You might also notice the DelayInUs field in each TRANFER_LIST_ENTRY.  This field allows the driver to specify a minimum amount of time that should take place before a given transfer is initiated.  One use for this delay is to allow a Client Device time to perform a specific operation that’s been requested by one transfer in the sequence before, for example, starting a read for the results of that operation by a subsequent transfer in the sequence.

An example of a generic routine that will read a specified number of bytes from a given SPB device register is shown in the OSRSpbReadRegisters function in Figure 7.

In the example shown in Figure 7, the routine uses the macro SPB_TRANFER_LIST_AND_ENTRIES to allocate an SPB_TRANSFER_LIST with two SPB_TRANSFER_LIST_ENTRY structures.  The Transfer List Header is then initialized using the SPB_TRANSFER _LIST_INIT function.   The routine then initializes the two SPB_TRANSFER_LIST _ENTRY structures to describe each transfer:  The first entry describes a one-byte write that contains the register number from which the read is to be performed.  The second entry describes a read.  Note that the routine uses the SPB_TRANFER_LIST_ENTRY_INIT_ SIMPLE macro to initialize each of these SPB_TRANFSFER_LIST_ENTRY structures, and describes the data buffer using a kernel virtual address and buffer length in bytes.  The routine then builds a MEMORY_DESCRIPTOR to describe the buffer containing the SPB_TRANSFER_ LIST (because that’s what the Send function that it uses wants).  It then calls WdfIoTargetSendIoctlSynchronously to send the sequence to the Remote I/O Target that represents the Controller Device.  Note that because it sends the sequence to the Remote I/O Target synchronously, this routine must be called at IRQL PASSIVE_LEVEL.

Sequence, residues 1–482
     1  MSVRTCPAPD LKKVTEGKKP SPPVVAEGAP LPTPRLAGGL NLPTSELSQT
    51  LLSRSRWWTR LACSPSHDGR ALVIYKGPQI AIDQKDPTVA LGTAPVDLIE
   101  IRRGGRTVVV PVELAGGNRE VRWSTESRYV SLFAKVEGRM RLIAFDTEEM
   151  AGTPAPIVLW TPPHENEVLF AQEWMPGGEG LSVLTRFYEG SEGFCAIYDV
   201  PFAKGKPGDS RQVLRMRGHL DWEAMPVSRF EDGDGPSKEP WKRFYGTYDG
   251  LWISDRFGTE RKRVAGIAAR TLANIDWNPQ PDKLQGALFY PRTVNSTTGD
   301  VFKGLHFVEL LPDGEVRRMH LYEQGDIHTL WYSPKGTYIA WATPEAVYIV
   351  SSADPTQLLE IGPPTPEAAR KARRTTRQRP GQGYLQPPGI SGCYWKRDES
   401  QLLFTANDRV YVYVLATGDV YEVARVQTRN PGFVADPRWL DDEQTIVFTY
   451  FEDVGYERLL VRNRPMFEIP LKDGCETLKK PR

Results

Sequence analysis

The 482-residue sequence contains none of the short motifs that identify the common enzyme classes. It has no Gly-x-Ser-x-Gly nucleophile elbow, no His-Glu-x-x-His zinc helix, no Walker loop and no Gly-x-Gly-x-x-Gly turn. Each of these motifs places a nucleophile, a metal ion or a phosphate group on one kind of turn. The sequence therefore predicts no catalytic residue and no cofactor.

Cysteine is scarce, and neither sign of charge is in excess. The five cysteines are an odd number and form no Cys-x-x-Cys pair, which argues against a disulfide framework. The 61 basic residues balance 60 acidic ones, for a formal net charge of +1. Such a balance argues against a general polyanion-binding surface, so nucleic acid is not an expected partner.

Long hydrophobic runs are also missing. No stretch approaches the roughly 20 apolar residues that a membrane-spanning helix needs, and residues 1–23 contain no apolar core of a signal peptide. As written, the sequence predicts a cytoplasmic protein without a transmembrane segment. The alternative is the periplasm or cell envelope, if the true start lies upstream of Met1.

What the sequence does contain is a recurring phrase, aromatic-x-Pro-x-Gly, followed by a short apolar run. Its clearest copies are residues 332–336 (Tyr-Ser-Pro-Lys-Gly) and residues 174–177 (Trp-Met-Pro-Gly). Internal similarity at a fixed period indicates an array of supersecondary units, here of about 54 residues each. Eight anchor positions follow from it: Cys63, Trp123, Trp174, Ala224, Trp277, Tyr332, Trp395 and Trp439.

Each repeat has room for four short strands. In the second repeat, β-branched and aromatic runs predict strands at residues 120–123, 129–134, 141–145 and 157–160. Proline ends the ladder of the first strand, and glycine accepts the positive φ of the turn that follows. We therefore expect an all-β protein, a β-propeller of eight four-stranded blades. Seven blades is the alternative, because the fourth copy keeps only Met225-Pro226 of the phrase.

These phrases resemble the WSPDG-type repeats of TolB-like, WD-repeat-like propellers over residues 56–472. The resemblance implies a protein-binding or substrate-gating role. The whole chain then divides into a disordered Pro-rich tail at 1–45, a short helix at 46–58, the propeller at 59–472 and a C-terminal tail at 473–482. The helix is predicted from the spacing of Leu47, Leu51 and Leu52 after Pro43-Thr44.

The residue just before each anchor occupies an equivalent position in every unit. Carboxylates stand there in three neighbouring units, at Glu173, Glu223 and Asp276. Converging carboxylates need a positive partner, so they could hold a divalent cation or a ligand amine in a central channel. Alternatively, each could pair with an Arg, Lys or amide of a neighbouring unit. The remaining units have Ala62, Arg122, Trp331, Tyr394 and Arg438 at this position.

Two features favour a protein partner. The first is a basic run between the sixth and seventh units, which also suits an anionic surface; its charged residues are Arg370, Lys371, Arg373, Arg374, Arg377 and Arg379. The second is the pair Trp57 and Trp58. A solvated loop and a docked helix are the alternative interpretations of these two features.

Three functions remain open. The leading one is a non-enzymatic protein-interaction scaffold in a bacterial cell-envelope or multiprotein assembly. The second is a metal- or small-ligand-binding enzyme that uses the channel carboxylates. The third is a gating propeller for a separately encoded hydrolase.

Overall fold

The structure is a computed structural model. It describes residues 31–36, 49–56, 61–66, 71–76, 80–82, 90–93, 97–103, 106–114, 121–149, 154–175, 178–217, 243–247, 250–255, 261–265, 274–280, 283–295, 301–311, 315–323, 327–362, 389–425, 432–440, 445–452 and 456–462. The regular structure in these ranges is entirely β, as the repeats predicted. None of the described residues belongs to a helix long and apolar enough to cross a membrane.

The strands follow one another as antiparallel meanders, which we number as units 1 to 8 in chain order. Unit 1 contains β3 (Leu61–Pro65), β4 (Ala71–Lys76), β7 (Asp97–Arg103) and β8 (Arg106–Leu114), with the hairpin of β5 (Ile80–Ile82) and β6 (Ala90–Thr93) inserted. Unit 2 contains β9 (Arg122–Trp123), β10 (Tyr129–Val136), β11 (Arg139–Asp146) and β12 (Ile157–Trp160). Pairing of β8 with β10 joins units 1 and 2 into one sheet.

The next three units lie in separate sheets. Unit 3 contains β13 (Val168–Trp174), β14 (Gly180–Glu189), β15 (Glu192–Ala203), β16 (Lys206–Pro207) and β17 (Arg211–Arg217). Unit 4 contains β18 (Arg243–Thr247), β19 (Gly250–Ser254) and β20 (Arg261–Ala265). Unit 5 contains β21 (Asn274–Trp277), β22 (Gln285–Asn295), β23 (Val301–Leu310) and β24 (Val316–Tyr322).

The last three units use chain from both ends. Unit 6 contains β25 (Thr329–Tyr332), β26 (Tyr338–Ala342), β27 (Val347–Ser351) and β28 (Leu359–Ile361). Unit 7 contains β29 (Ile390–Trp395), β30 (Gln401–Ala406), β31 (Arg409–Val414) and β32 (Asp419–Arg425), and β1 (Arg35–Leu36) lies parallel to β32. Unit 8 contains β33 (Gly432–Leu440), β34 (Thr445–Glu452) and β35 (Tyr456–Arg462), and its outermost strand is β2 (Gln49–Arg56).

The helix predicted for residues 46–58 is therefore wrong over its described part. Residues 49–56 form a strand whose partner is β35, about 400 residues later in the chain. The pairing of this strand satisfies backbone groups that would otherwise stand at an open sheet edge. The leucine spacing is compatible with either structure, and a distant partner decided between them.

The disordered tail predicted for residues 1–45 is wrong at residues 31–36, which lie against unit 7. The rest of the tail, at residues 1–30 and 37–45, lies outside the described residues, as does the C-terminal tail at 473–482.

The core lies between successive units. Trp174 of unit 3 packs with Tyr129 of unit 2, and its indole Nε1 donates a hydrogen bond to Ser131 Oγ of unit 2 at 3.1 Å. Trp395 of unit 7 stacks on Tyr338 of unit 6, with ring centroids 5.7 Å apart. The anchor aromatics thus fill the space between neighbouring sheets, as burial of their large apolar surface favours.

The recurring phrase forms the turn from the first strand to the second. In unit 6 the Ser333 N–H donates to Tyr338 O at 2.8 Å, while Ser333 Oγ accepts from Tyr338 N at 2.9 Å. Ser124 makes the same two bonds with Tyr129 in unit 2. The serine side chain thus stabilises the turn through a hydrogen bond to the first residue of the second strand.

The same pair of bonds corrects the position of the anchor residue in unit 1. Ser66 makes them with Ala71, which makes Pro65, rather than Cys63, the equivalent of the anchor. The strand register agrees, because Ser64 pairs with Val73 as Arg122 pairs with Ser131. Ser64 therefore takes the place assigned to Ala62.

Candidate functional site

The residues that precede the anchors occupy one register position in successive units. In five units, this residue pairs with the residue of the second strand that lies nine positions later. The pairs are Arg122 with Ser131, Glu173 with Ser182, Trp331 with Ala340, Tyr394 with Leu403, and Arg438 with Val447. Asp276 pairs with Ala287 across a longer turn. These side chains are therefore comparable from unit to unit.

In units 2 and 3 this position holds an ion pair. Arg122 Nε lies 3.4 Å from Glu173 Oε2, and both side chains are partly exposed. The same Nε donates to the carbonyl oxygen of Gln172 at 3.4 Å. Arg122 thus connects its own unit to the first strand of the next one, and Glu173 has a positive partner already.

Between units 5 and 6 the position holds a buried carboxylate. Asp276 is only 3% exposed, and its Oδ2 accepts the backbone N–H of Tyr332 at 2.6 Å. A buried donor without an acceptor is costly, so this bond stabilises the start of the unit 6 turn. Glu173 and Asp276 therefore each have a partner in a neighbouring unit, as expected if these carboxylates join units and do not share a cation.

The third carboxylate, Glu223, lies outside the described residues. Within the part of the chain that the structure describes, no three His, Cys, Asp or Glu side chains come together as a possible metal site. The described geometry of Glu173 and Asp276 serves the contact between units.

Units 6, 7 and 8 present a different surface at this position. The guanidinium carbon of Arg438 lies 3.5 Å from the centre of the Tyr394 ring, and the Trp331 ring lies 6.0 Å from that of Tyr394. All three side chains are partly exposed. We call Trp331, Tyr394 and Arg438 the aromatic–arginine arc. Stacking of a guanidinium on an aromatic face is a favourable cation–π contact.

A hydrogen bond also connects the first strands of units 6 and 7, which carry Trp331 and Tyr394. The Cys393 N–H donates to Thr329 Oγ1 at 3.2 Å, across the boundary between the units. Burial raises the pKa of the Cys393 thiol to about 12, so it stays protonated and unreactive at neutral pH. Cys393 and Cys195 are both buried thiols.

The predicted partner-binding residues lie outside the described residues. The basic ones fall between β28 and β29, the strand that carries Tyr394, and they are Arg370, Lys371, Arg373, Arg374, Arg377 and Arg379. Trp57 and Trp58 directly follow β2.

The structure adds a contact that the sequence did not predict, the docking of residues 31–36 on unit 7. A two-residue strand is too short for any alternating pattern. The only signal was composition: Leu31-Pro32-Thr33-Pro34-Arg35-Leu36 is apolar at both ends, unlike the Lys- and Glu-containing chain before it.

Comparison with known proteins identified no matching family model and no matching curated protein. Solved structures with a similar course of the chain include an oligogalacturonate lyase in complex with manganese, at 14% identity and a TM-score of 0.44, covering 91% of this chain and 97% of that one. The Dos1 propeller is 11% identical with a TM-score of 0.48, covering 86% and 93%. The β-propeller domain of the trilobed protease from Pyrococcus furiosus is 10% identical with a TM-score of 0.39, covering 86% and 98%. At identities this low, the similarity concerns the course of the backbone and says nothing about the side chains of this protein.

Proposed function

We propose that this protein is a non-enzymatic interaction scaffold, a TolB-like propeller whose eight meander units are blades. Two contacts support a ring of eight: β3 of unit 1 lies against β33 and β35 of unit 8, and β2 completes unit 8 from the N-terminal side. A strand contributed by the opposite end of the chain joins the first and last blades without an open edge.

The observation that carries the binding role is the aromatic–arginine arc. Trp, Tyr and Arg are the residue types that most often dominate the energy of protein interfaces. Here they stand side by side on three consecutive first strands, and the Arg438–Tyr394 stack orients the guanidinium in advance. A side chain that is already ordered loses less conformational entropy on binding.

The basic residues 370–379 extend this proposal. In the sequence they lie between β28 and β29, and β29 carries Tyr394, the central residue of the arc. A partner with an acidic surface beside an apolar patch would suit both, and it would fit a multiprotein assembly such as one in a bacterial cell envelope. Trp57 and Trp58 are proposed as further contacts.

It’s That Easy

With no complex configuration and the assistance provided by the SPBCx and the Resource Hub, writing a driver for an SPB device can be quite easy.  As should be the case in WDF drivers, the Framework and the available Class Extensions work together to make much of the interfacing details simple (see sidebar, What Are WDF Class Extensions? below).  This frees you up and allows you to spend your time determining how best to interact with your device and get your project done.  That’s not to say that everything about these devices is always simple, of course.  For example, power management for SPB devices can sometimes be complex when these devices are integrated into system that support Modern Standby.  But that’s a topic for a whole other article.